Lyreleaf sage (Salvia lyrata)
Click on terms for botanical definitions.
Lyreleaf sage is an attractive perennial found naturally along woodland edges, in open areas and in disturbed sites. It typically flowers in late winter through late spring. Bees are its predominant pollinator, but it also attracts butterflies and occasionally, hummingbirds.
Lyreleaf sage produces leafless spikes of lavender to bluish tubular flowers. Like other members of the mint family, its flowers are two-lipped and its stem is square. The leaves, which appear as basal rosettes, are lyre-shaped (hence the common name) with irregular margins and purplish-red to brownish patches along their midribs. This distinct marking makes the plant easy to identify, even when it is not flowering.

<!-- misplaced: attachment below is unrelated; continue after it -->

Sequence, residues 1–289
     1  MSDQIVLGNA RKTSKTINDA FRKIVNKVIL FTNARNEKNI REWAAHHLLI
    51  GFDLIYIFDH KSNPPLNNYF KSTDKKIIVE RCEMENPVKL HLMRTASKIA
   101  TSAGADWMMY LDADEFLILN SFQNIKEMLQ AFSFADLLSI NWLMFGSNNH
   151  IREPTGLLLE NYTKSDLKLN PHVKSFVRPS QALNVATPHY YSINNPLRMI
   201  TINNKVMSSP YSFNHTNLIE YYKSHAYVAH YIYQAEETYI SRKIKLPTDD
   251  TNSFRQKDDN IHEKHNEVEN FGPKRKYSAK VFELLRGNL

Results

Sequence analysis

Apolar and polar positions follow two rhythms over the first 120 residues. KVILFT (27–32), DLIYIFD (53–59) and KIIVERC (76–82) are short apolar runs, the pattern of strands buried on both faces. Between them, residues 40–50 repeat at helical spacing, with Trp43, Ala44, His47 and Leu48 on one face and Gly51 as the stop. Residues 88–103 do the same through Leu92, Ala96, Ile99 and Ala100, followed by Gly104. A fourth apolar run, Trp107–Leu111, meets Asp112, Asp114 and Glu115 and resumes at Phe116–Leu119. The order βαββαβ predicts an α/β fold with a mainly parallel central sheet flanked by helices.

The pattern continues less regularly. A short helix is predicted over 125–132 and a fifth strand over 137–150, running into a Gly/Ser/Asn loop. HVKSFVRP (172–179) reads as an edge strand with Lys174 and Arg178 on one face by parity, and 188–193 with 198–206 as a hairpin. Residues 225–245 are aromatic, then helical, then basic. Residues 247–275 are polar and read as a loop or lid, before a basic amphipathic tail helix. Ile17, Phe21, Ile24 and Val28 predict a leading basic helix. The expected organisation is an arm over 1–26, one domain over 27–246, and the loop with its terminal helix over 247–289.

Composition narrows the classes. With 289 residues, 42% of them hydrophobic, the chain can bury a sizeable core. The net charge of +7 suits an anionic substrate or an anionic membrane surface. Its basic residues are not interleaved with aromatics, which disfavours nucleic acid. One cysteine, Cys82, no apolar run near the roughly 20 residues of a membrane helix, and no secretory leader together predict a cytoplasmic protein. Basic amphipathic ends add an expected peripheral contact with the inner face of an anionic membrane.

Family: Lamiaceae (Mint family)
Native range: Throughout Florida except southernmost counties
To see where natural populations of Lyreleaf sage have been vouchered, visit florida.plantatlas.usf.edu.
Soil: Moist to dry, well-drained soils
Exposure: Partial shade to nearly full sun
Growth habit: 1–2’; rosettes can have a spread of up to 1’
Propagation: Seeds, division
Garden tips: Lyreleaf sage is highly adaptable to a variety of conditions and can tolerate both drought and flooding. It does well along roadsides and trail edges. In a landscape, it can be planted with grasses and other groundcovers, as it responds well to mowing. It is easily propagated by root division and seed; plants grown from seed can reach the flowering stage in only a few months. Lyreleaf sage is a prolific self-seeder and can spread quickly, but can be easily managed in a landscape by deadheading and removing seedlings.
Lyreleaf sage is often available at nurseries that specialize in native plants. Visit PlantRealFlorida.org to find a native nursery on your area.